I would not speculate if Gozo had an airport if it were for the self-governing entity to decide. Alderney is an off-shore finance and e-commerce (mostly online gambling) location, and not part of the EU. Gozo is different. The context is so wildly different that I find it difficult to compare.

      Regarding aircraft in strong winds, I’ll leave it to someone more knowledgeable of aviation. I remember when old helicopter service was still in service, I checked in in Xewkija Heliport, and due to strong wind the chopper could not fly, and we were taken to the ferry by a minibus and by another minibus to the airport, and still made the flight. Have a look at
      http://scienceblogs.com/builtonfacts/2009/02/de_plane.php, I’d rather be on a large ferryboat north of Comino…

    2. Jonas Thor says:

      It is quite routine for the Gozo ferry boat to take a different route when the winds kick up a little bit. The Gozo ferry boats were engineered and built in Malta with all weather variables in mind. They are very strong boats and the crews are very professional. The captains know what they are doing and do not take chances. It is on the same safety format as flying in a passenger aircraft. Try a Malta taxi for a dreadful experiance. You have stated that a Gozo airport would not be particularly environmentally friendly. This is a true statement and a very negative factor for local public approval. As for the operating cost of this airport, would a few shiny Cessnas with a 8 euro landing fee support the construction and airport operating costs? Could you visualize the Gozo public forking out extra cash to support this project for the benefit of a few. If the weather would be too dreadful for a safe landing at the Gozo airport, then a less dreadful ferry boat ride would be the alternate outcome.

    3. Lesley Kreupl says:

      One simply cannot compare the situations of the two islands.

      Malta has a perfectly good airport, a bit inconvenient maybe, but with a bit of planning, it is less than an hour away – how long to most people have to travel to get to Heathrow or Gatwick?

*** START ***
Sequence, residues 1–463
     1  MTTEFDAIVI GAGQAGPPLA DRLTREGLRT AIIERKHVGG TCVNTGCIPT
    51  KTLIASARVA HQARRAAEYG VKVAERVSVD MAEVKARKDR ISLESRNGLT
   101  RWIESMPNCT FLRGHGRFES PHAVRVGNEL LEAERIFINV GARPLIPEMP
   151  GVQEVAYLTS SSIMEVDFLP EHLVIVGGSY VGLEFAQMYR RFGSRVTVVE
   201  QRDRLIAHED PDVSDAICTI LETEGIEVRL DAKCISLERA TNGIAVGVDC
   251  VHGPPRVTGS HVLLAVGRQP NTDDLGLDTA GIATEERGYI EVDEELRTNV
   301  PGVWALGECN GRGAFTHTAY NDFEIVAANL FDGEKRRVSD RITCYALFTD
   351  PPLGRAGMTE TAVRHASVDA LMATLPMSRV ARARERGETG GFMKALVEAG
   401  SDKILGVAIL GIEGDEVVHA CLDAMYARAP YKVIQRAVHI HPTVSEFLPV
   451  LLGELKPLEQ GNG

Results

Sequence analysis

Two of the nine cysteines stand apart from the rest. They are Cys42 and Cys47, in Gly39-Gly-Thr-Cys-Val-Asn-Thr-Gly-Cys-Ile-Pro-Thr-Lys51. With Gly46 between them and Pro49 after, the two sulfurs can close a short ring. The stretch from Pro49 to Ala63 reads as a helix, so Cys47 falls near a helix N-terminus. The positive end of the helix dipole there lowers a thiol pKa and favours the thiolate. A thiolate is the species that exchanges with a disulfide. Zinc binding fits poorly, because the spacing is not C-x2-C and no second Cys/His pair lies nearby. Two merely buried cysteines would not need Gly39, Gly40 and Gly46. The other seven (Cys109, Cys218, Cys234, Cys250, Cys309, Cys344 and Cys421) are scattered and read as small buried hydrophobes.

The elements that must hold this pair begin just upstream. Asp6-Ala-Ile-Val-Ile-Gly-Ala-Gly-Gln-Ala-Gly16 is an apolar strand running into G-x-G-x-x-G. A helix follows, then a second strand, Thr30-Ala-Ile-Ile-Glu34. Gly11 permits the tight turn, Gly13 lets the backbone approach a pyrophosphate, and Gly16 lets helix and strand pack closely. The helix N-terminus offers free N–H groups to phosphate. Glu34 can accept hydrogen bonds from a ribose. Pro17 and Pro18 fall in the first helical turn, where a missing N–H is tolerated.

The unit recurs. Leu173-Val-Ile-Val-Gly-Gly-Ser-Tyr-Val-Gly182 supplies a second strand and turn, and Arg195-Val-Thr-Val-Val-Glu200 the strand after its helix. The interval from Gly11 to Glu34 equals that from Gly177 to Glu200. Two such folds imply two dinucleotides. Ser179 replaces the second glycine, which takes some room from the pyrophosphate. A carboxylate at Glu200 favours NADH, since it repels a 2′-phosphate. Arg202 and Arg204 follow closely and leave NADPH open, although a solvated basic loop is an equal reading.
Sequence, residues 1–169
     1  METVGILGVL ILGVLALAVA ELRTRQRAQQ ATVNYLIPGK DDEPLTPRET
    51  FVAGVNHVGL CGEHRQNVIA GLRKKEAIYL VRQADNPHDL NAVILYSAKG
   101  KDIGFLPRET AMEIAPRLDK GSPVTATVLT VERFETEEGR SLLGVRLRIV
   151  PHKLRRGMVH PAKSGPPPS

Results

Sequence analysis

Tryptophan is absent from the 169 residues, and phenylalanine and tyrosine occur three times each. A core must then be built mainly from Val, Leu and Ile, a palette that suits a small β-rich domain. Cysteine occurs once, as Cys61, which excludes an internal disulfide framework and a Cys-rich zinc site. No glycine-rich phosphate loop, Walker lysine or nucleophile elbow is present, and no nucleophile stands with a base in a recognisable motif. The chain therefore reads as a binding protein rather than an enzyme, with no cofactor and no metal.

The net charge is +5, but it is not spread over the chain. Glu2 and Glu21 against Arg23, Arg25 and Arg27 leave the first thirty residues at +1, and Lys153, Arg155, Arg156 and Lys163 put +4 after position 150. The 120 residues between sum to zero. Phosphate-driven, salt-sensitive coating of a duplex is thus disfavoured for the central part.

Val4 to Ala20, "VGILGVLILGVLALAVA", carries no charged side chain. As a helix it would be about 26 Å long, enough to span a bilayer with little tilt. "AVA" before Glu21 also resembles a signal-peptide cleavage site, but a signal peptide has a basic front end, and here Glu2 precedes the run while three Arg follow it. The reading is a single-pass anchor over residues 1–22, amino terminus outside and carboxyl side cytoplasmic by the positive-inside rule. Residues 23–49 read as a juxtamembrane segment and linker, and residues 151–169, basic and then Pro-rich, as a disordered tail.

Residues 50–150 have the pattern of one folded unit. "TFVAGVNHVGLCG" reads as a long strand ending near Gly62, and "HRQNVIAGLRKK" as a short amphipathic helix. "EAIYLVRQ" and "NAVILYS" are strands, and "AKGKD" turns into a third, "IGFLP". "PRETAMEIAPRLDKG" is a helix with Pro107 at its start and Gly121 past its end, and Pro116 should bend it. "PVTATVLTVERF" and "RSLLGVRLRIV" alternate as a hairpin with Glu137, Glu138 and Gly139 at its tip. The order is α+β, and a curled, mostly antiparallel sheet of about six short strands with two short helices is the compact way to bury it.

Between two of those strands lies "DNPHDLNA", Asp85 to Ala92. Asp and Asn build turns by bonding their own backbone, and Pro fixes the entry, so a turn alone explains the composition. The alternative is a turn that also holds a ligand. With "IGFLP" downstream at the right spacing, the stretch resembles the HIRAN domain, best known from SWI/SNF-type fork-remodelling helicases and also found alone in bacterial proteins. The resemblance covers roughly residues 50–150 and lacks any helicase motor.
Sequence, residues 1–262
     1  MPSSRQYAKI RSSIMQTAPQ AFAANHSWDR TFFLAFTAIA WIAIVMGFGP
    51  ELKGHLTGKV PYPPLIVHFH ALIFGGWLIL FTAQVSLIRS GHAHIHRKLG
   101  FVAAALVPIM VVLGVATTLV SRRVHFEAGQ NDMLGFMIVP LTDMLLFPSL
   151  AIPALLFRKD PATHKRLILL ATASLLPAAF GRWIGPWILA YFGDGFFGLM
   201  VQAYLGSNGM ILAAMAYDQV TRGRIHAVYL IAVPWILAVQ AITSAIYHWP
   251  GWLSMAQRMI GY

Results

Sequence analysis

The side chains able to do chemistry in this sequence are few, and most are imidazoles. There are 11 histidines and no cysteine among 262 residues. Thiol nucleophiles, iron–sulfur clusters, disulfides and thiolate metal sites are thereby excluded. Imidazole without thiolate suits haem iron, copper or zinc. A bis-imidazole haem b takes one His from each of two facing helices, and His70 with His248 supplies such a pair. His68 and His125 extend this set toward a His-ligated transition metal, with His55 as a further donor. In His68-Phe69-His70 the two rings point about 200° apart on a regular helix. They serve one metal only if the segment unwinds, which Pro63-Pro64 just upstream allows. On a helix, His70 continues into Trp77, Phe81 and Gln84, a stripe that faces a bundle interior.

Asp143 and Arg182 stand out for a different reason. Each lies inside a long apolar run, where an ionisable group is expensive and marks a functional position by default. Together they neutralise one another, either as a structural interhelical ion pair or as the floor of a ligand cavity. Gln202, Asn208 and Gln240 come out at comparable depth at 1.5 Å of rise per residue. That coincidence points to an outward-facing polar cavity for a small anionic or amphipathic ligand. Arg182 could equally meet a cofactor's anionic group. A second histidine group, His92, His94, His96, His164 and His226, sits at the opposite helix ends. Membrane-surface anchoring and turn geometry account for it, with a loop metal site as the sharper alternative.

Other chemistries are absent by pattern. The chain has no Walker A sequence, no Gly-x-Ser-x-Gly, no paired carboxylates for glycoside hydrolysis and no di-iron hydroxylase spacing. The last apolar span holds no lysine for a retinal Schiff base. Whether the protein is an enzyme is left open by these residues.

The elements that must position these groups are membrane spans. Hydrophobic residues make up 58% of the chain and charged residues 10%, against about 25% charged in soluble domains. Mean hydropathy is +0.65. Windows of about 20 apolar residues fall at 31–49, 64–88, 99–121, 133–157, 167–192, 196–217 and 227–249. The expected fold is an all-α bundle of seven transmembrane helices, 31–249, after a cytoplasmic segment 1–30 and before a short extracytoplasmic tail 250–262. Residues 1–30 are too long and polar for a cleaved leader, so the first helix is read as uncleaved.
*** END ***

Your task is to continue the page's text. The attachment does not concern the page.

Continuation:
Why should all the Maltese residents have to subsidise an airport for the benefit of a few tourists and business people?

      If the ferries are not running, one can be almost sure that nothing small will be flying either!

    4. Joey says:

      Well go to Alderney mate and leave us alone! Rediculous idea, half the ‘mystique’ of Gozo is the ferry ride. If you don’t like the sea, don’t live or visit a small island, simple.

    5. Xandru says:

      I think this headline should read “It seems unbelievable that some utter twit thinks Gozo needs its own airport”

      Someone should call up Monte Carmeli to check if they have a free bed for the guy.

    6. mark says:

      As a pilot, I cant believe that I bought a house on the only Island on the planet with no airfield, but as a reader says it adds to the mystique, and hey thats good. A small aiport for private planes only would add to the accessability and add value to the island as long as it wasnt used for sight seeing flights.

      Mark
      PS, what makes the writer think an airplane would want to take off at all in a force 8!! I wouldnt.

    7. James A. Tyrrell says:

      @mark. Have to agree in part and disagree in part here Mark. I agree that taking off in a force 8 would not be top of my list of experiences to look forward to.

      As for a small airport adding value to the island I have to disagree. You can’t have your cake and eat it Mark. One of the things that Gozo has in its favour is the fact that it is so quiet and peaceful. It wouldn’t be that way for long with light aircraft buzzing around it like a swarm of hornets all day.